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Malware targeting Apple's M1 Macs appearing in the wild

By Ken Wong - on 18 Feb 2021, 2:32pm

Malware targeting Apple's M1 Macs appearing in the wild

Apple M1 Macs are facing their first security threat. Image courtesy of Unsplash.

The new M1 processor-based MacBook Air, Pro, and Mac mini have been out for a few months now and popular apps have been updated with native support for them. But a few months is all it’s taken for malware targeting them to also make an appearance.

While Macs have traditionally been safer from malware attacks compared to their Windows-based counterparts, their growing popularity has seen a corresponding rise in malware targeting them.

According to Apple, the new M1 processors allow them to verify that the version of macOS software and apps loaded during start-up and as the Mac runs, were authorised all by Apple.

But it seems like the bad guys have also been working to find ways around this.

Mac security researcher Patrick Wardle recently tweeted about an M1-native version of the long-running Mac-targeted Pirrit adware family that he discovered.

Originally a Safari adware extension written to run on Intel x86 chips, GoSearch22 has now been redeveloped specifically for the M1 processor. In his blog, Wardle says that this “confirms malware/adware authors are indeed working to ensure their malicious creations are natively compatible with Apple’s latest hardware.” Apple has since revoked the app’s certificate where the certificate is an attachment to an electronic document that allows the safe transfer of information over the Internet.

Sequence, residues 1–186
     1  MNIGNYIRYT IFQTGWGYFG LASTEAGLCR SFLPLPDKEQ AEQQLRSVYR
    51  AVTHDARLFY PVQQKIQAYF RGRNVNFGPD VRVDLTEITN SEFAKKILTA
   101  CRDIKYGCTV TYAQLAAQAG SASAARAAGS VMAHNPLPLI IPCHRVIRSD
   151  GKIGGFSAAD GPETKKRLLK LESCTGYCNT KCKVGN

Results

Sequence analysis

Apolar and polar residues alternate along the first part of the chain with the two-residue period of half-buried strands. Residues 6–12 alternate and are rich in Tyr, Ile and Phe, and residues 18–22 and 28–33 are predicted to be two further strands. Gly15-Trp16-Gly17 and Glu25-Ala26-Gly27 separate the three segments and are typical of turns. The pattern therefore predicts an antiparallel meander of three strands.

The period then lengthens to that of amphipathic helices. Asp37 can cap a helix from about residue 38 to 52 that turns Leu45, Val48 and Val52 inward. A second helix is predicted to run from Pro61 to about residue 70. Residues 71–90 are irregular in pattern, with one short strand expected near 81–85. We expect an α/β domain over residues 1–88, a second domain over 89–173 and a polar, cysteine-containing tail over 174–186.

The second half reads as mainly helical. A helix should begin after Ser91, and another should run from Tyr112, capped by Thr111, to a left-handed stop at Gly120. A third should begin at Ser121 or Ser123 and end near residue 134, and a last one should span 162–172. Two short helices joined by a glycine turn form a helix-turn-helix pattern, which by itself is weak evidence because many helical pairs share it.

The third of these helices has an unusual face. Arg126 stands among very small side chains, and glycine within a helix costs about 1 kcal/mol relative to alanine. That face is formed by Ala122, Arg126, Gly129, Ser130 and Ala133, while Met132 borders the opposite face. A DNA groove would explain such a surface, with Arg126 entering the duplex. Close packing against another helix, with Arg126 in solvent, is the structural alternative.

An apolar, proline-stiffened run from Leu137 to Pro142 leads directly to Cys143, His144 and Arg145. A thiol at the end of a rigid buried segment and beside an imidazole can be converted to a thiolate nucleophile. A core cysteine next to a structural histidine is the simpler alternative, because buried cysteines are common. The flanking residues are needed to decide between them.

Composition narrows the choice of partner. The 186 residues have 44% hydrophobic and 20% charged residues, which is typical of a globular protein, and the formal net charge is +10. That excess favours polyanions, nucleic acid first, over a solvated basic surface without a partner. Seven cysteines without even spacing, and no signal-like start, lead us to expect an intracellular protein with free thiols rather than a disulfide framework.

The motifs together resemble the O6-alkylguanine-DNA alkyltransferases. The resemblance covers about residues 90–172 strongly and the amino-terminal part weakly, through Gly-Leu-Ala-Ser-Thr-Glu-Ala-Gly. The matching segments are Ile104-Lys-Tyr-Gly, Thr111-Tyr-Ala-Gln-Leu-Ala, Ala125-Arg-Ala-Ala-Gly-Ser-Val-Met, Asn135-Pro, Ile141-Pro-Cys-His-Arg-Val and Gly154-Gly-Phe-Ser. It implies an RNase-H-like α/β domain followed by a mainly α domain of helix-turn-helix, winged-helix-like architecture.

Apple has revoked the extensions certificate. Image courtesy of Patrick Wardle

GoSearch22 is a fake search extension that injects all sorts of advertisements while the user is browsing. Wardle found it when he was searching the online VirusTotal database for malware using fat binaries to run on Intel and M1 powered Macs.

He also cautioned that “while the x86_64 and arm64 code appears logically identical (as expected), we showed that defensive security tools may struggle to detect the arm64 binary”.

In a news report, Thomas Reed, an expert on Mac malware with antivirus firm Malwarebytes, said that he didn't think that M1 Mac users should worry too much about M1-native malware right now.

"However, this does mean that we should anticipate seeing malware creators switch to single-architecture M1-only binaries as a means of evading detection," he added. "Antivirus companies should start thinking now about how they will plan to detect these things when they start to appear in the future."

Keeping GoSearch22 away

The M1 processor has brought a number of improvements to the Mac. Image courtesy of Apple.

To prevent your Mac from infection, experts recommend a number of steps:

Pay close attention to pop-ups, especially those that ask your permission to install something to proceed.

If your Mac asks to do something that you weren’t expecting, chances are, it's nothing good.

Don’t download random applications straight from the Internet because they may be hiding adware or malware.

Not everyone will agree, but some form of Mac antivirus software can be good.

 

Source: Toms Guide, Twitter, Objective-see

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